I like “clicking” with people in conversations – where it’s almost as if our brains are playing leap-frog. It’s fun being in sync. Now, new research from Uri Hasson of Princeton, highlighted in this month’s Harvard Business Review, demonstrates that successful communication results in a biological “meeting of the minds.”
With speaker and listener connected to functional MRI (fMRI) machines, the researchers demonstrated that the speaker’s brain and listener’s brain scans displayed widespread overlap or mirroring. Using follow-up comprehension assessments, they showed that neural mirroring increased as comprehension increased. When listener’s comprehension was highest, the listener’s brain activity appeared slightly before the speaker’s activity – meaning active listeners were able to anticipate what would be communicated next.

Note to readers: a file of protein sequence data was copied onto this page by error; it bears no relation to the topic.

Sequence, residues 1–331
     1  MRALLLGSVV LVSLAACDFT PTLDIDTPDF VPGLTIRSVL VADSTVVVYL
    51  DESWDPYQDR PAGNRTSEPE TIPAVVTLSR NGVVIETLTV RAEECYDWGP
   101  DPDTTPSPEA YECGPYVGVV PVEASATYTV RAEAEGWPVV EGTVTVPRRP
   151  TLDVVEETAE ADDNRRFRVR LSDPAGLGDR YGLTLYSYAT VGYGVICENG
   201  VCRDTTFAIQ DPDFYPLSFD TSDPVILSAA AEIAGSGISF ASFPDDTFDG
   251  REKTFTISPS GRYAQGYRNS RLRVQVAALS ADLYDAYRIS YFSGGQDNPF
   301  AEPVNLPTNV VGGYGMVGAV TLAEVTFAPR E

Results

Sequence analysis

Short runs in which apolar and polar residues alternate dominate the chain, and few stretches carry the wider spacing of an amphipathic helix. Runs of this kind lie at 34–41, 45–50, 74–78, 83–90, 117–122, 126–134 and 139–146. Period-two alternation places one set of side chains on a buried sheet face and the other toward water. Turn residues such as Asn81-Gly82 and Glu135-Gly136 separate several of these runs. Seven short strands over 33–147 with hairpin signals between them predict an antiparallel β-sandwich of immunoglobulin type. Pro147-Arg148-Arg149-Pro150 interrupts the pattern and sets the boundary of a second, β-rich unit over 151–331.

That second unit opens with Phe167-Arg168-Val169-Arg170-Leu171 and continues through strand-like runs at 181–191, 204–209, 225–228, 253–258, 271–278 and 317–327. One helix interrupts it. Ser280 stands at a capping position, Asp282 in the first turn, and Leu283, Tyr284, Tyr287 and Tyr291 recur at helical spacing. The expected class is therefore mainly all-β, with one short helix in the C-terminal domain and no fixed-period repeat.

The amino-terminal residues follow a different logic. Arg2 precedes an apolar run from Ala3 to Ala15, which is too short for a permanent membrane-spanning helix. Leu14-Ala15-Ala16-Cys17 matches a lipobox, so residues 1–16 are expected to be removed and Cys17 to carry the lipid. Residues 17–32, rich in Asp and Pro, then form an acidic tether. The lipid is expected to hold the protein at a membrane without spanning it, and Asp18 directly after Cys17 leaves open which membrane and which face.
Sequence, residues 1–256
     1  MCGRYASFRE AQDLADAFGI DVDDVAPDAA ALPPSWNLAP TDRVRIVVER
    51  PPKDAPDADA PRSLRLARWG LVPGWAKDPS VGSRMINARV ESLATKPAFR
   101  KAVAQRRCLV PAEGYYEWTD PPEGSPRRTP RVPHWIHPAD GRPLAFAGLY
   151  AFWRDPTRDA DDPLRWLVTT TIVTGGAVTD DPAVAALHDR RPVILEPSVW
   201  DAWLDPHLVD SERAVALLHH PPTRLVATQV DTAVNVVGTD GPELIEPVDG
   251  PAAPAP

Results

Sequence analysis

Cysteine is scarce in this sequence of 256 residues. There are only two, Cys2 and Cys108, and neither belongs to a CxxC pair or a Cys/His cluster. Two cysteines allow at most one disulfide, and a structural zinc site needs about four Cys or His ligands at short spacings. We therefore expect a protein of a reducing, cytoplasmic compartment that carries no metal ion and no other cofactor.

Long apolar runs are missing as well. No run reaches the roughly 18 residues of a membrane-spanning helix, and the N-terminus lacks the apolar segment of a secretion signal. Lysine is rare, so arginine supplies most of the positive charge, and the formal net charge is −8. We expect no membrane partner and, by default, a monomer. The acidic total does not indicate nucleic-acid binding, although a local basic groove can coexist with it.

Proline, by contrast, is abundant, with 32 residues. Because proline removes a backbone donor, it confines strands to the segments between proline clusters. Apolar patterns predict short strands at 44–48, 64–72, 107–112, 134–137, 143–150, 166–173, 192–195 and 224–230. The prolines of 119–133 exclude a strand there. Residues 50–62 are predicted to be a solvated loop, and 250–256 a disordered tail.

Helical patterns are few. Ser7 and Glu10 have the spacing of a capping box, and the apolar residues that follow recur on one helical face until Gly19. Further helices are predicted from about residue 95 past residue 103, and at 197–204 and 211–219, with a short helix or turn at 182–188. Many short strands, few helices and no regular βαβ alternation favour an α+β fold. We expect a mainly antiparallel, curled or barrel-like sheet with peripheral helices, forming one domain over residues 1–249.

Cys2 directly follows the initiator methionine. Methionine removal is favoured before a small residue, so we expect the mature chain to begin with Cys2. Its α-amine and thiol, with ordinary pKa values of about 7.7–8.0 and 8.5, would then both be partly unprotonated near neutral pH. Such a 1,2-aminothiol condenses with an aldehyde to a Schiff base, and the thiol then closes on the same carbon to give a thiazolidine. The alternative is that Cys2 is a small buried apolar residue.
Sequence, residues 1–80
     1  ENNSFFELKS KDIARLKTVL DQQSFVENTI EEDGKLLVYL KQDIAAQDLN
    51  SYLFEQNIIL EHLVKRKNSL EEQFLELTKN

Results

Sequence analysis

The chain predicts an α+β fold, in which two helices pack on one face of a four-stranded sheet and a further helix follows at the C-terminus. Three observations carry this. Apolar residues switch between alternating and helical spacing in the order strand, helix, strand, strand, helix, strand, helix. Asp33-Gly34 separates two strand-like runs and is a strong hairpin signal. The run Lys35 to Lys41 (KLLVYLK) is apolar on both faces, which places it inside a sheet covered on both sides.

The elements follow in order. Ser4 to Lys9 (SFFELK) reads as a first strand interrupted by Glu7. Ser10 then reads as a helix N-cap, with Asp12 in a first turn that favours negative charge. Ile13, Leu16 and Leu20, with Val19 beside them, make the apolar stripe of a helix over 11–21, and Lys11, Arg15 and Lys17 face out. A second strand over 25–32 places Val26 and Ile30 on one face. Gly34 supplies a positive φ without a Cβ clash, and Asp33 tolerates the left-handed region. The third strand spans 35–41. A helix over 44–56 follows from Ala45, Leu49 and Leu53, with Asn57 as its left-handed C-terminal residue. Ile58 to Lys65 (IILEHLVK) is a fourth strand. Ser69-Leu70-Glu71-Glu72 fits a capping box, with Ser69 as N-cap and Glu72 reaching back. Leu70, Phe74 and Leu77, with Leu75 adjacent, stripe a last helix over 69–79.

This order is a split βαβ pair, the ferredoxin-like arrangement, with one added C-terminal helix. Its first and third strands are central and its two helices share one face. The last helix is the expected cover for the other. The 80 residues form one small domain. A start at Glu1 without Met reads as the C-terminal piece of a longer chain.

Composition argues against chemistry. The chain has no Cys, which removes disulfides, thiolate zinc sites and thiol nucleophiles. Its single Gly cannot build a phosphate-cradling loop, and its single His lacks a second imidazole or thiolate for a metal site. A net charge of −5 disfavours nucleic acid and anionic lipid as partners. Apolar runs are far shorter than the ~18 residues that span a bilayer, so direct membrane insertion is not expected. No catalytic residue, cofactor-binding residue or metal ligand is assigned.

While this study was done without face-to-face communication (the subjects were inside of scanners), the researchers propose that face-to-face communication would create even stronger neural coupling. This due to the fact that mirror neurons discharge both when performing an action and when observing an action. Interestingly, neural coupling does not occur when hearing foreign languages spoken.
Speaking and listening are a shared function of two brains. Since reading these articles, I’ve been reconsidering effective communication. How do we work to intentionally use language patterns and words that are most likely to create neural mirroring and increase comprehension? In an organization or educational setting, how important is an agenda or pre-work for laying a common foundation for enhancing communication?
How does this impact your ideas about communication? What are the practical things that help you to be “in sync” in a conversation?